Friday, June 21, 2013

Science of Disney Imagineering: Levers & Pulleys


All good things must come to an end and that’s the case here with our last DVD in Disney’s educational series. 

Asa’s Invention:  Asa has built a 600 pound Audio-Animatronic Tiki statue for a contest.  And while there are probably plenty of levers inside, the focus is on how levers and pulleys can help move the heavy statue to the judging. (And as the adult in the room, I did get tired of hearing him say “Boola, boola.”

Terms Defined: simple machine, mechanical advantage, lever, fulcrum, resistance, effort, 3rd class lever, actuator, electric servo 

Rides and Attractions: 

Okay, I have a special place in my heart for the first ride, Dumbo because I wanted to go on it as a 5 year old but it was closed and I had to wait thirty years until I had my own kid to finally ride.  For those not so nostalgic, Dumbo is a perfect example of a 3rd class lever—where the fulcrum is at one end, the resistance at the other and the effort is in between.  This way the motors and gears are hidden in the center of the ride.

Of course, I’m an adult now and my new favorite ride is Soarin’.  You may have heard the story how imagineer Mark Sumner  came up with the idea after spending an afternoon with his childhood erector set.  There are some pretty powerful pulleys to get the three rows of seats up into the air and give you the feeling you’re hang gliding over California.

This is probably the most iconic example of Disney Imagineering in the whole series. You just can’t think of a theme park without the Audio-Animatronics—from the original Enchanted Tiki Room to the Country Bear Jamboree to the Haunted Mansion.  Of course Disney works hard to preserve the magic of these figures so the samples shown on the DVD have already shed their skin—in fact they never mention who the characters are, but one appears humanoid.


If you’ve visited Catastrophe Canyon at Hollywood Studios you surely remember the70,000 gallons of gushing water coming towards you and over the tram.  It’s all controlled by levers opening the gates to the large reservoirs over your head (with the pretty powerful pumps to get the water back in place before the next tram pulls up). 

Our last stop is the Wave Pool and Typhoon Lagoon.  There are twelve 1-ton doors, working as levers, that open in a sequence to create the waves.  Computers control whether the waves break to the right or left.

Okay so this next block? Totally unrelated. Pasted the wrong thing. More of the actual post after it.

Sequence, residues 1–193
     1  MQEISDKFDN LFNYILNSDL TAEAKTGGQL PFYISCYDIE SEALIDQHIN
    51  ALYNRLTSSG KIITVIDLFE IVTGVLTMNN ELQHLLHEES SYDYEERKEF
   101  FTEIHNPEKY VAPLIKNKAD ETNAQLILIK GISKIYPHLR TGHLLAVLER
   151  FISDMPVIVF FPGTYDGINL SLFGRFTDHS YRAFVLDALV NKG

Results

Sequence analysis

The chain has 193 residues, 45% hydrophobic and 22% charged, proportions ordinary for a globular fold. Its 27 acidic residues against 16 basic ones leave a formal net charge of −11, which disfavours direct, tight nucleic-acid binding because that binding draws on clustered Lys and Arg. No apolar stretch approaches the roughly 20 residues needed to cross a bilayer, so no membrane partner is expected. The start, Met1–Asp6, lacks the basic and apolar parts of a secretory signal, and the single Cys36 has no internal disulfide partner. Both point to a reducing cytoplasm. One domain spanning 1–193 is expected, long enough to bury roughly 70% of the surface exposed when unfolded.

Quiz:  15 multiple choice and T/F questions

Try It Yourself:   Household chores are seldom considered “fun” but Asa does his best by helping the kids use pulleys to create a laundry picker upper.   (We didn’t build this contraption in our science co-op.  You can read about our two experiments in Science Co-op Week 4 )

If you’ve missed any titles in the series click below:

Designs & Models







Newton’s 3 Laws of Motion



Leslie said...

We just got back from Disney. I've never heard of these videos but am going to check them out now. THANK YOU!! And thanks for stopping by my blog. If you have any questions about CC, email me anytime. I, clearly, could talk about it all day. :)

Jimmie said...

I'm trying to reach you about a project related to homeschooling an only child. I could not find any contact information on your site. Could you email me at Thanks.

Jennifer aGlimpseOfOurLife said...

This does look like a fun series. I still think his job would be a fun one.

Raspberry Leaf said...

That looks like a fun series. In college my husband worked on a project for Disney. It was interesting to learn about the behind the scenes stuff. I might have to check out that series.

Michele said...

Beth, where did these videos come from? How many are there? These sound like something my boys would love to watch...we love all things Disney! Thanks bunches for sharing.

Angie McFarren said...

Oh, I miss our trip to Disney. Well, except for all that water at Catastrophe Canyon. LOL

The videos sound like a wonderful way to help visualize the concepts.

Missouri Mama said...

Michele, the videos are from the educational division of the Disney corporation (did you ever see Donald Duck in Mathmagic Land in school?) There are 10 titles with physics themes and I just learned about an 11th title called Animal Adaptations which is probably more about Biology. I got them through the library.

Marcy Crabtree said...

We are planning our first trip to Disney later this year. I was just thinking that I wanted to find a way to turn it into an educational field trip. Can't wait to check these out.

I better go pin this now before I forget!

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